Recommendations for improving the usability of online job application platforms:

Break applications up into manageable, easy-to-follow sections.
Keep the page simple by limiting the number of graphics and text.
Provide clear instructions and alternative ways to apply for persons experiencing technical difficulties.
Present text in a font size of 10 or higher, and ensure that text can be enlarged.
Include a spell check feature.
Format questions to require less typing in the response (such as by using multiple-choice checkboxes).
Allow enough time to complete sections, in the knowledge that some individuals may need more time than usual. Ask users if they need more time with a prompt or provide a way to disable the timeout feature if the application has a time limit.
Allow the user to easily move back and forth throughout the application without loss of data, and ensure that there is an option to save sections and return to complete the application later.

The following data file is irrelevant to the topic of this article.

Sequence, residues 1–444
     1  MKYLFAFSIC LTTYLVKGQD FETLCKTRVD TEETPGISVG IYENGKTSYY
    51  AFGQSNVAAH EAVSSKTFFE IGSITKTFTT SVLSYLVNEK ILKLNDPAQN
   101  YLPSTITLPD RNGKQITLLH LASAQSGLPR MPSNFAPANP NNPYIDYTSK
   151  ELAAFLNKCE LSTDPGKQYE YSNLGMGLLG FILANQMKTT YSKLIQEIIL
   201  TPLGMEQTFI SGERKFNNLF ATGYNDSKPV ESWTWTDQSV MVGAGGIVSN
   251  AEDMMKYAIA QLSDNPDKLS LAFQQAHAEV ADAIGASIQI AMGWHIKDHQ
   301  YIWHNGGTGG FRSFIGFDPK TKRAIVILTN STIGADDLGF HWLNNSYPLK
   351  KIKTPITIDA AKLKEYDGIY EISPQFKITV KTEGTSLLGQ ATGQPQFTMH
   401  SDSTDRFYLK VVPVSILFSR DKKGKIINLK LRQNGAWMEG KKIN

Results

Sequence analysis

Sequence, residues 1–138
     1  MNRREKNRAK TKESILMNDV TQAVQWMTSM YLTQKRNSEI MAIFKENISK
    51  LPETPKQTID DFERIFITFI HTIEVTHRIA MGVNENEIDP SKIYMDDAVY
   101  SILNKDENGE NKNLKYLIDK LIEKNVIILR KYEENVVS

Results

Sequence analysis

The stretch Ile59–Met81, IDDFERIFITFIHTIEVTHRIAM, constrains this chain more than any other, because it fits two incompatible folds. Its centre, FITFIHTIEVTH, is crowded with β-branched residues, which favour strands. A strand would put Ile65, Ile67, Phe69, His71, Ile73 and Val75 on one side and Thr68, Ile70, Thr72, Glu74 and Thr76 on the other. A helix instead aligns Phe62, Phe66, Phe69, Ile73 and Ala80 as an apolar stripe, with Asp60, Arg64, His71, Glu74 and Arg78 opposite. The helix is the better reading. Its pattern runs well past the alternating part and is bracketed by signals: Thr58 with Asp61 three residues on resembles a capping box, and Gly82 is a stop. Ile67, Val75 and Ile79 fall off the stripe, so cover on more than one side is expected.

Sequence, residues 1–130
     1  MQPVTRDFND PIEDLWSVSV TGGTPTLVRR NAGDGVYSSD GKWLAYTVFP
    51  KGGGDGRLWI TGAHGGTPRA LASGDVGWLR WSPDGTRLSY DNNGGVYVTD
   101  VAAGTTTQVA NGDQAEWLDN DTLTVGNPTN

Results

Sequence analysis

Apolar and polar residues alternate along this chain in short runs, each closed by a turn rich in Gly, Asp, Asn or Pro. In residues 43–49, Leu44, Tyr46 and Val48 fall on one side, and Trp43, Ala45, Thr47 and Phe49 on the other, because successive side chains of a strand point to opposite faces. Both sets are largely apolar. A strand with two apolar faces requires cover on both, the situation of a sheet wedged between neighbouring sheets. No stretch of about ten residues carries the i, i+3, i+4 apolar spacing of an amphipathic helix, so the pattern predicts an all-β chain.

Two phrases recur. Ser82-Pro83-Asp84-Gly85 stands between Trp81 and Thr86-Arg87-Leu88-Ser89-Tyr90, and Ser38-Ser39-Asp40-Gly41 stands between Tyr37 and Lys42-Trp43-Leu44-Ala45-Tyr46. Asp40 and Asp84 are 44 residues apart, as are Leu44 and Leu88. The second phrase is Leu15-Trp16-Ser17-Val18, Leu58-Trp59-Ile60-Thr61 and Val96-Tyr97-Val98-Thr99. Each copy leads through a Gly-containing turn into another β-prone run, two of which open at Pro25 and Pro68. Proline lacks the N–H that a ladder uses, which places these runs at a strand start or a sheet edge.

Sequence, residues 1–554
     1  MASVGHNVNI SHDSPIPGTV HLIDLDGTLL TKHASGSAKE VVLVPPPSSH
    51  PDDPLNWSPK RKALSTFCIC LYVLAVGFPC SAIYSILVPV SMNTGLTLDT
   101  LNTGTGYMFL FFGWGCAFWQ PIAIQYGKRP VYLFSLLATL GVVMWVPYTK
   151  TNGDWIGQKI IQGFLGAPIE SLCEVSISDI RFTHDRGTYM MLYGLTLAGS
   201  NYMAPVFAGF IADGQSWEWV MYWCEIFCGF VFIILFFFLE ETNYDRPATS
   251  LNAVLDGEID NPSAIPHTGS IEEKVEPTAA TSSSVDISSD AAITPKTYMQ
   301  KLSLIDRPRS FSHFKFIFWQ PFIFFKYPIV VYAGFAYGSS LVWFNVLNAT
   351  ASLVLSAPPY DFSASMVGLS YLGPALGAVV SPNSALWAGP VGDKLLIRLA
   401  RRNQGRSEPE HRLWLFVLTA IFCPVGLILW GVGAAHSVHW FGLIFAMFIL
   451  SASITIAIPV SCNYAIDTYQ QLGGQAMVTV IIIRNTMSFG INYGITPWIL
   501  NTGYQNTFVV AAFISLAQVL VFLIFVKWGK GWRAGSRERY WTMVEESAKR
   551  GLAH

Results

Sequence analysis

Notify the user when a form is complete and submitted.

5  Partnership on Employment & Accessible Technology (PEAT), “Infographic: The accessibility of online job applications”.

6  The national survey of persons with disabilities conducted by PEAT found that, while 56 per cent of individuals had searched for jobs via a mobile device, only 28 per cent had applied for a job via a mobile device, most likely because of display variations and the difficulty of completing form fields and uploading résumés via mobile devices. Source: PEAT, “Infographic: The accessibility of online job applications”.